• Members

Thanks for your thoughtful and insightful reply.  Indeed, we walk through each day with veiled eyes, as if everything is behind a curtain of pain.

The hard part is, of course, 'being there' for the other children - and just simply living life.

Of course I know that nothing other than the balms of time will help, and it does look like a long difficult journey

Thank you for writing even while in the depths of your own pain. 

Ken

Link to comment
Share on other sites

  • Members

For kenpope~ Once again, I share this pain with a tortured parent... I am so, so, so sorry, yet I must say that you have come to the right place. Beyond Indigo is filled with stories like yours, for we are all surving this nightmare.

My son, Danny, passed away at the age of 25, in June of 2004.

Yes, it most definately does get softer. Easier is a word that I just simply removed from my vocabulary... Softer is the perfect word for this... One day you will  say to yourself..."Wow.. Is this MY heart that is continuing to beat??", at which point you grab at this glimmer of hope, and just naturally, somehow, build from there.

You will love to laugh again.. You will sing and you will dance. You will hug like never before, it will seem, and life will have a HUGE sense of purpose. I promise you this~

Continue to reach out to those that are there for you...xo

A precious little boy, Ken. Another beautiful face of an angel that will hold on to my heartstrings forever...

Much Love~

mamabets and Danny, her little wink from here, there and everywhere

Link to comment
Share on other sites

  • Members
4everjoeysmom

Ken, I'm so sorry for your loss. I too have lost a son. He was older, but I have walked alongside many who have lost young sons and daughters as well. Many of the things we go through in grief are "kindred". But so young, so sweet and innocent, and precious.. You will go through many "firsts" as a dad and as a family. Like school starting, sports teams and activities, family vacation, holidays, birthdays, father's day, mother's day--some already you've gone through and many still yet to come. And with each "first" will come the sting of the loss and a wave that feels like you've been knocked back and are starting all over again. It goes on for some time. But as I've found through my 3-1/2 years on this journey, the waves and tide of the storm ebb and flow in time. The waves crash in, stay, and eventually ease out for a time. They return frequently. And then less frequently, but maybe as strong. And after a longer while they visit from time to time, but the season of dry sand and sunshine does eventually stay for longer stretches.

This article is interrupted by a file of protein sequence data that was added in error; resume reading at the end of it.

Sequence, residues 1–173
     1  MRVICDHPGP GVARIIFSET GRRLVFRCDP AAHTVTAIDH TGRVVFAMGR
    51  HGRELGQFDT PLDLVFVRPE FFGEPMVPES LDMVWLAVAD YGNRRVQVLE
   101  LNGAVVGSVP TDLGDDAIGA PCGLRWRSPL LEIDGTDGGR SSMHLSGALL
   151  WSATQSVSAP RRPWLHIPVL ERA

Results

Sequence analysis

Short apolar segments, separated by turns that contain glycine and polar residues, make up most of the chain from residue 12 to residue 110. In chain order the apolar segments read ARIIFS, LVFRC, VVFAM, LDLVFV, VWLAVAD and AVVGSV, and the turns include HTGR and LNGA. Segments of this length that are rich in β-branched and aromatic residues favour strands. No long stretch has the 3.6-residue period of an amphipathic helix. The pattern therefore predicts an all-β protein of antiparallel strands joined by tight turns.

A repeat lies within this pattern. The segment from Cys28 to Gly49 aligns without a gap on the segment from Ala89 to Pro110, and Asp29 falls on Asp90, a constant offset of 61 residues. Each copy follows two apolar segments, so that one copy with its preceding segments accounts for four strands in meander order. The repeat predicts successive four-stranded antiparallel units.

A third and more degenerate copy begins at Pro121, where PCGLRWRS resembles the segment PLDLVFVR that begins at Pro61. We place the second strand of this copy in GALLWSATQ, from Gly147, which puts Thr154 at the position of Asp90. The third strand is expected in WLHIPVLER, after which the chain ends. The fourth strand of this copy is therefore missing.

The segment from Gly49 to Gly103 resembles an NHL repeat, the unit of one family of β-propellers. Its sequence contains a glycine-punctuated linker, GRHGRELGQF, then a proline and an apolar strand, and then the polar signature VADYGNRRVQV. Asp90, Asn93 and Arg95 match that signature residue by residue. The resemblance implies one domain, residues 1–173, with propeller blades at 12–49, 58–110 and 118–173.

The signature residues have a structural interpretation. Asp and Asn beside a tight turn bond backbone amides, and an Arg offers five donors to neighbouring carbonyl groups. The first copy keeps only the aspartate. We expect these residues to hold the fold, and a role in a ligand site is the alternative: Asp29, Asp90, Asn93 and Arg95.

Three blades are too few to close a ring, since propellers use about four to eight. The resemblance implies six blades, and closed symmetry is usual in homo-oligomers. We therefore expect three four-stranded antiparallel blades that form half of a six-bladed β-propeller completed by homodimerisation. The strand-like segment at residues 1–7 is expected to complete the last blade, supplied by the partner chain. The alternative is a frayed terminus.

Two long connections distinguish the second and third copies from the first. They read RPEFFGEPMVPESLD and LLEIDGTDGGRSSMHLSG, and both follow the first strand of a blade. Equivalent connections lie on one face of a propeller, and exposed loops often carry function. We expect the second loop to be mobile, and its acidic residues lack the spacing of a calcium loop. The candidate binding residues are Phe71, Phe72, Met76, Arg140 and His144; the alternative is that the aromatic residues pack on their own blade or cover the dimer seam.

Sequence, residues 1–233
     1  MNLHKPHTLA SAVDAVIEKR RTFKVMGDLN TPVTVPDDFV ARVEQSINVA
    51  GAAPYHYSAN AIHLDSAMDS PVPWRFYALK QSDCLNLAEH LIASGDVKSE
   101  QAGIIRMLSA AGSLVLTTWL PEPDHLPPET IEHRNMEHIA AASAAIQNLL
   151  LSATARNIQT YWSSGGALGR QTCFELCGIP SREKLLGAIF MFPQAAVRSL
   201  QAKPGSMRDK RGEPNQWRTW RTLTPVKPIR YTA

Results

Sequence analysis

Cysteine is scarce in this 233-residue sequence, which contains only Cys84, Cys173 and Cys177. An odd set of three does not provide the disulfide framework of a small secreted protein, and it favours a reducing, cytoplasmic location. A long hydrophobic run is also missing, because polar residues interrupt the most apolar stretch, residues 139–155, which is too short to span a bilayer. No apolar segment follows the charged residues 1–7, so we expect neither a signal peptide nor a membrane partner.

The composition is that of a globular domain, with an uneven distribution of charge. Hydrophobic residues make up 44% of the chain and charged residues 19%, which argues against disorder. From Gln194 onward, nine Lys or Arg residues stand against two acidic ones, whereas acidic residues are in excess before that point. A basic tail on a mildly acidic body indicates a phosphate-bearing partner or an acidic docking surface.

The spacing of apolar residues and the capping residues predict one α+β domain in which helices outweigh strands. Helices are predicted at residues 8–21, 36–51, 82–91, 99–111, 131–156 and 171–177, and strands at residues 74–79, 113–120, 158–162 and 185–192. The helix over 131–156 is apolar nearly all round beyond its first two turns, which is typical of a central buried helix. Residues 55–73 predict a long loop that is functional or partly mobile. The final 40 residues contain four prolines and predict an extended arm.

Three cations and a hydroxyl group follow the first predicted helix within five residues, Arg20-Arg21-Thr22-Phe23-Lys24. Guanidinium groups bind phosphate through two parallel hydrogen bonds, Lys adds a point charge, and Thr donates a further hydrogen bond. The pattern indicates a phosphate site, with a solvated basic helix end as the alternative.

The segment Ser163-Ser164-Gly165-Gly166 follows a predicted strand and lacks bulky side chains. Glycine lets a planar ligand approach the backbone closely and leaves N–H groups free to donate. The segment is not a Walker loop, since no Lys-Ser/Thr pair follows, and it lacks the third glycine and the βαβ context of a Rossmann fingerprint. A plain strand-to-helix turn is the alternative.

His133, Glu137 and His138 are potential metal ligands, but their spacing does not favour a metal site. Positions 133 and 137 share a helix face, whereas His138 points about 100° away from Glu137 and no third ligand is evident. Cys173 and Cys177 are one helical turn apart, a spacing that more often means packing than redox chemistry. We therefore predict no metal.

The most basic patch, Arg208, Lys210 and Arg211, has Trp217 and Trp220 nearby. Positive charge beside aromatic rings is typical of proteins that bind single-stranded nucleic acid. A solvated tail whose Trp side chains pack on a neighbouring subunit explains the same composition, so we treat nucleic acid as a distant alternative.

In two months my surviving son will be getting married. He is 26 and Joey would be 27 now. There will be no Best Man standing in a tuxedo next to my son, because the Best Man can never be replaced by another... This saddens me deeply for what my son must be going through--the bittersweet to come on one of the most significant days of his life. Then there will be his children born, and many more firsts that he won't get to share with his brother. So, yes, he and I, and our family still feel the sting of our loss and we always will. But somehow we find the grace and strength to pay our lives forward and share the love and joy that Joey brought to our lives.

Time... It's true. But also "unity" in the family, watching out for one another--to give that extra hug or sentimental talk, or share a laugh and a tear... These things and more will become your life's journey. But you will become stronger and more comfortable in your "new normal" as time marches on. You will one day see the blessing before the pain. So, as your tides crash and ebb and flow, please do not become discouraged in thinking that it will always be this way. Yes, some things will be... but it won't always be this hard.

My thoughts and prayers to you and your family. There are many who have already given some good advice and words of comfort. I pray you find a light in the darkness by having come here to meet many who know and truly care...

~Claudia (4EverJoeysMom)

Link to comment
Share on other sites

Archived

This topic is now archived and is closed to further replies.

×
×
  • Create New...

Important Information

This site uses cookies We have placed cookies on your device to help make this website better. You can adjust your cookie settings, otherwise we'll assume you're okay to continue. and uses these terms of services Terms of Use.